Tuesday, August 19, 2014

Control Your Anxiety With Food

12 month prevalence

In our country today, anxiety has passed depression as the number one mental health issue.  As shown in the chart above, 18.1% of the US Adult population suffers from some sort of anxiety.  Out of that population, 22.8% of the cases are classified as severe.  Severe anxiety can result in not only feelings of heightened anxiety, but in panic attacks as well.  The most used treatments revolve around medications which suppress the feelings of anxiety rather than dealing with any underlying causes for the anxiety.

Depression, whether it is one episode or recurring episodes, effects 6.9% of the population overall, and according to the National Institute of Mental Health, effects more females than males.

Depression can appear in different ways between the sexes, so in my opinion, it is debatable as to whether males suffer less depression.  Male depression can exhibit in agitation, anger and frustration as well as somber mood and hopelessness.  Unless a practitioner understands that, males may go untreated and are therefore not included in these statistics.  Individuals with anxiety can also struggle with bouts of depression and vice versa.

How did we get to this place?  In my opinion there may be several reasons.  First, lack of personal identity is rampant in our society.  We are taught that we are what we do.  Whatever role we have, becomes who we are and when that role ceases, we become lost.  We are told that a person has no value unless they are successful, nice looking, financially stable or hold a job with a distinguishable title.  In order to achieve a feeling of worth and value, we tend to perform, work harder, do more and try our best to achieve that successful image.  That lifestyle is very stressful and individuals tend to burnout after awhile.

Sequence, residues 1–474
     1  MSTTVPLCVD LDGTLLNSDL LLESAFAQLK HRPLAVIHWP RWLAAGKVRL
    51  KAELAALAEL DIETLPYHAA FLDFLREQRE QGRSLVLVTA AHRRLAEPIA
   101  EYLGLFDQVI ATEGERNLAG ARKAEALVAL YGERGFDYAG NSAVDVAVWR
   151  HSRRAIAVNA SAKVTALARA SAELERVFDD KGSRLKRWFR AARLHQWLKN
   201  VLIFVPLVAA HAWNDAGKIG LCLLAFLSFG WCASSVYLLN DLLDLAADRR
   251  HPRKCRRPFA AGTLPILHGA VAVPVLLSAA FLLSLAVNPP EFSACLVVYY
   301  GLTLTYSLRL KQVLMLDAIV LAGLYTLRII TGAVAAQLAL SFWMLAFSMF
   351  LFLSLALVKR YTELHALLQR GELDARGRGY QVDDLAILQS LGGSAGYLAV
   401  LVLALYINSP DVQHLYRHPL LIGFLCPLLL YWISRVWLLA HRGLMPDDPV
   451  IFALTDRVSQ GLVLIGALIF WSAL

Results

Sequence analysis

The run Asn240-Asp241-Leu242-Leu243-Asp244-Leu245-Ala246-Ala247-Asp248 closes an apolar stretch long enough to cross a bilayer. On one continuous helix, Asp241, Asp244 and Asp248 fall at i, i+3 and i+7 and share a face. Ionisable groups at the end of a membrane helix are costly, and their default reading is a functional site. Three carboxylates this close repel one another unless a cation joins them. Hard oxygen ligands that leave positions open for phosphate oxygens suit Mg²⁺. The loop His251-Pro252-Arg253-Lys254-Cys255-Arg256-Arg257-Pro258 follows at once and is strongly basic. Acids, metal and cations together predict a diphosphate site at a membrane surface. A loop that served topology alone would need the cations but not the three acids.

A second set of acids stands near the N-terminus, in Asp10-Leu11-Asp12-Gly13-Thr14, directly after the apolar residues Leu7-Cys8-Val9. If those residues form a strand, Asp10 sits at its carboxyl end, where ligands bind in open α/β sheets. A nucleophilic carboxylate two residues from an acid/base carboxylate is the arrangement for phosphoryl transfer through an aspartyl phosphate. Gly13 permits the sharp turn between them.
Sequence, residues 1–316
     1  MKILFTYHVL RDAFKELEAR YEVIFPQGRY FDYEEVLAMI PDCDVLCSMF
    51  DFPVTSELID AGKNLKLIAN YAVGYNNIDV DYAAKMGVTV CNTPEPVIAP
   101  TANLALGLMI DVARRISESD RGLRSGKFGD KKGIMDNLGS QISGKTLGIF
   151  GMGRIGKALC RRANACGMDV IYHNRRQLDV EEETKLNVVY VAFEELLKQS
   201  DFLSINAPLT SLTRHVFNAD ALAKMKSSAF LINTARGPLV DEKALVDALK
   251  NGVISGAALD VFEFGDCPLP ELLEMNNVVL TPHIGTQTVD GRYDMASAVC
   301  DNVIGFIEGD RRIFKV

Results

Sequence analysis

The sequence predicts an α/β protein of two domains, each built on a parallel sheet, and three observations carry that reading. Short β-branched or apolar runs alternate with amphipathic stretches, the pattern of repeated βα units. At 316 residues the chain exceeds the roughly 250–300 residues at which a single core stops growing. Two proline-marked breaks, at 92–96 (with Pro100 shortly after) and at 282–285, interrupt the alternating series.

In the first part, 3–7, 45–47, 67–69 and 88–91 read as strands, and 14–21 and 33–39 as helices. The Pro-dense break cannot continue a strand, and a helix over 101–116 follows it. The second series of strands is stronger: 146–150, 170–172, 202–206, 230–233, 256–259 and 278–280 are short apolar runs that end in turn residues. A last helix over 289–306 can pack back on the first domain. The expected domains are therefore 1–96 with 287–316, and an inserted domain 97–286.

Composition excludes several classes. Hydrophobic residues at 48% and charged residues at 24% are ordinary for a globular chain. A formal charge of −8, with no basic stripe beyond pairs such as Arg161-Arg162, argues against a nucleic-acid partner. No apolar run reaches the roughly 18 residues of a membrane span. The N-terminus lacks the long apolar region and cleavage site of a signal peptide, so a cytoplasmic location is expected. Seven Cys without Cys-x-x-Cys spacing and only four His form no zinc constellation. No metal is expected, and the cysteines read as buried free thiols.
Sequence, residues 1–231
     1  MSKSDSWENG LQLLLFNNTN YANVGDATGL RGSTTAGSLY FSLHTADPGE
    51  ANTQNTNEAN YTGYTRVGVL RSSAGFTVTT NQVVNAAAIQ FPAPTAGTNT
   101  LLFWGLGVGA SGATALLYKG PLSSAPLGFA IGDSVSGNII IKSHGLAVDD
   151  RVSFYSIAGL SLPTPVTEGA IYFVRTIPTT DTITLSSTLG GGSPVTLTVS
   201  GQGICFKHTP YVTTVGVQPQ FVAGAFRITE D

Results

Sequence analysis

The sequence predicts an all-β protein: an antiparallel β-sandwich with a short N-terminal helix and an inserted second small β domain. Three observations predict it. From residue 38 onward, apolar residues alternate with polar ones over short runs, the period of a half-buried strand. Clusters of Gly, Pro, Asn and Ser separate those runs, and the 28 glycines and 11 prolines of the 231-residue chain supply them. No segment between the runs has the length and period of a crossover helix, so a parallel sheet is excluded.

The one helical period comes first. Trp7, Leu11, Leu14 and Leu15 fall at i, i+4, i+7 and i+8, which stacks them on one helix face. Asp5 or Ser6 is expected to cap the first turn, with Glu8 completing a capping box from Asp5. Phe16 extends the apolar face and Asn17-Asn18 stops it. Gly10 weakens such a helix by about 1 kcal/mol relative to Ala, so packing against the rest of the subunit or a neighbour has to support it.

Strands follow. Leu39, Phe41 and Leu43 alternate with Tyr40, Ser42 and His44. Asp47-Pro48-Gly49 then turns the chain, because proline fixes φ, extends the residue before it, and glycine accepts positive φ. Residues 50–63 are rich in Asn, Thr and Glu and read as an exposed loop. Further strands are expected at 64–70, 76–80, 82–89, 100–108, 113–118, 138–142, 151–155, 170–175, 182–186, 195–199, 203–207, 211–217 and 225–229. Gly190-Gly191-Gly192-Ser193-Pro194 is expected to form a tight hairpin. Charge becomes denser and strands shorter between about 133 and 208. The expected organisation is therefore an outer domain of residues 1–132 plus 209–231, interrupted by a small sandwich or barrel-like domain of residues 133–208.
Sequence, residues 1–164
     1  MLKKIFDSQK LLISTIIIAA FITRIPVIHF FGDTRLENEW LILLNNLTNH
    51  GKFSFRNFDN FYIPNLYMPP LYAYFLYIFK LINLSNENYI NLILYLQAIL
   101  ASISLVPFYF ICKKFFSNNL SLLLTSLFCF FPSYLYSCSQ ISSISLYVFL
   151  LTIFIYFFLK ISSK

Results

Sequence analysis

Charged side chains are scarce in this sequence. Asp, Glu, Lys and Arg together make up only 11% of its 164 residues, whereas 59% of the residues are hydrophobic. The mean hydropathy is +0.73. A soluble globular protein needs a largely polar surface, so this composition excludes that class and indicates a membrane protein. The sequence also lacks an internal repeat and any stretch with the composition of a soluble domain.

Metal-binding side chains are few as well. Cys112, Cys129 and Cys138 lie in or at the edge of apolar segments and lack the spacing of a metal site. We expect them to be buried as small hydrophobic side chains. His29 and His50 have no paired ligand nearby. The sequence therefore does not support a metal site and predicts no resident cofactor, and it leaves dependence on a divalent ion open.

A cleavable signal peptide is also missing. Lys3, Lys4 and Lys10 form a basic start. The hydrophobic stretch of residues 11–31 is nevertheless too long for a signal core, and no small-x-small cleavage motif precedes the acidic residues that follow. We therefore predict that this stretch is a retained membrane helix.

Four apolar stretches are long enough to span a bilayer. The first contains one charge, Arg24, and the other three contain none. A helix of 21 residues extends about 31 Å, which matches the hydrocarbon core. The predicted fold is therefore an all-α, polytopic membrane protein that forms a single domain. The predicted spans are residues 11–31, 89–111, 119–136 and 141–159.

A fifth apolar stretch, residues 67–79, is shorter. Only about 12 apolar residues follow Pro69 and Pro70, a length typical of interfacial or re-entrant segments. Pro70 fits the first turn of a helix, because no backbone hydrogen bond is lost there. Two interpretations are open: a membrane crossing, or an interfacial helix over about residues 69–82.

Second, we are just too busy.  People have sacrificed play time, rest time and face to face interaction with others for activities, social media and time in front of numerous screens.  These screens, whether they be computers, iPads, or phones, tend to stimulate the brain in ways that interfere with good sleep patterns. especially if we look at them up until the time we go to bed.

Busyness interferes with our eating patterns as well.  We catch a quick bite of something as we head out the door and eat it in the car on the way to dropping our kids off at school before work.  We have traded the relatively peaceful breakfast, lunch and dinner at the family table for Starbucks and fast food.  That takes a toll on what our bodies can handle.

So, how does food help us deal with anxiety?  It helps to provide our brain with enough consistent glucose so it is able to function well.  If we eat mostly or all carbohydrates at our meals, our brain has a good supply of glucose for 1.5 -2 hours after the meal.  If we don't eat again for 4 or 5 hours, the glucose supply becomes low and our brain becomes concerned.  According to Kristen Allot ND, "In order to continue to function well, the brain will tell the kidneys to release adrenaline in order to increase blood glucose.  Although the brain now has some fuel, the amygdala has been stimulated by adrenaline.  This can cause your concerns or irritations to become amplified into anxiety or anger."  Usually, when adrenaline is released, there is a reason.  We need it to function, to do something physically.  When adrenaline is used to feed the brain, it is still in the system because it doesn't get used up with physical exertion and then contributes to anxiety levels.